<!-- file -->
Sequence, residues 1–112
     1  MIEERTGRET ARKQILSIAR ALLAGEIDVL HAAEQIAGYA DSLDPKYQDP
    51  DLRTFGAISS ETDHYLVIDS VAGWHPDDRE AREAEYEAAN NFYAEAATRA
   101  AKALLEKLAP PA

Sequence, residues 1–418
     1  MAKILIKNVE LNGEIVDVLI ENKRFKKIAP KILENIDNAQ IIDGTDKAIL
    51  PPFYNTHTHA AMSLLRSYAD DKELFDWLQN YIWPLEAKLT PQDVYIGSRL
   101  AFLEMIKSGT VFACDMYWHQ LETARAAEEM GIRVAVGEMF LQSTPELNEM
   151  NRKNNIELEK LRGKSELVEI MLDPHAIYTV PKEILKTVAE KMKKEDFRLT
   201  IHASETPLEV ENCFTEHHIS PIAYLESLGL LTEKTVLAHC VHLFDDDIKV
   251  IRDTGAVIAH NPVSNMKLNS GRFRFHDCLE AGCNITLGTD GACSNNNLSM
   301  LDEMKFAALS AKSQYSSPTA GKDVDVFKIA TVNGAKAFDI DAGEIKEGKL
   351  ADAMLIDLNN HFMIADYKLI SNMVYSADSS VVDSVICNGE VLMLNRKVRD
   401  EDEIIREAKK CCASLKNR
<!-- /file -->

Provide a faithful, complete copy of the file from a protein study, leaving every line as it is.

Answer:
Sequence, residues 1–112
     1  MIEERTGRET ARKQILSIAR ALLAGEIDVL HAAEQIAGYA DSLDPKYQDP
    51  DLRTFGAISS ETDHYLVIDS VAGWHPDDRE AREAEYEAAN NFYAEAATRA
   101  AKALLEKLAP PA

Sequence, residues 1–418
     1  MAKILIKNVE LNGEIVDVLI ENKRFKKIAP KILENIDNAQ IIDGTDKAIL
    51  PPFYNTHTHA AMSLLRSYAD DKELFDWLQN YIWPLEAKLT PQDVYIGSRL
   101  AFLEMIKSGT VFACDMYWHQ LETARAAEEM GIRVAVGEMF LQSTPELNEM
   151  NRKNNIELEK LRGKSELVEI MLDPHAIYTV PKEILKTVAE KMKKEDFRLT
   201  IHASETPLEV ENCFTEHHIS PIAYLESLGL LTEKTVLAHC VHLFDDDIKV
   251  IRDTGAVIAH NPVSNMKLNS GRFRFHDCLE AGCNITLGTD GACSNNNLSM
   301  LDEMKFAALS AKSQYSSPTA GKDVDVFKIA TVNGAKAFDI DAGEIKEGKL
   351  ADAMLIDLNN HFMIADYKLI SNMVYSADSS VVDSVICNGE VLMLNRKVRD
   401  EDEIIREAKK CCASLKNR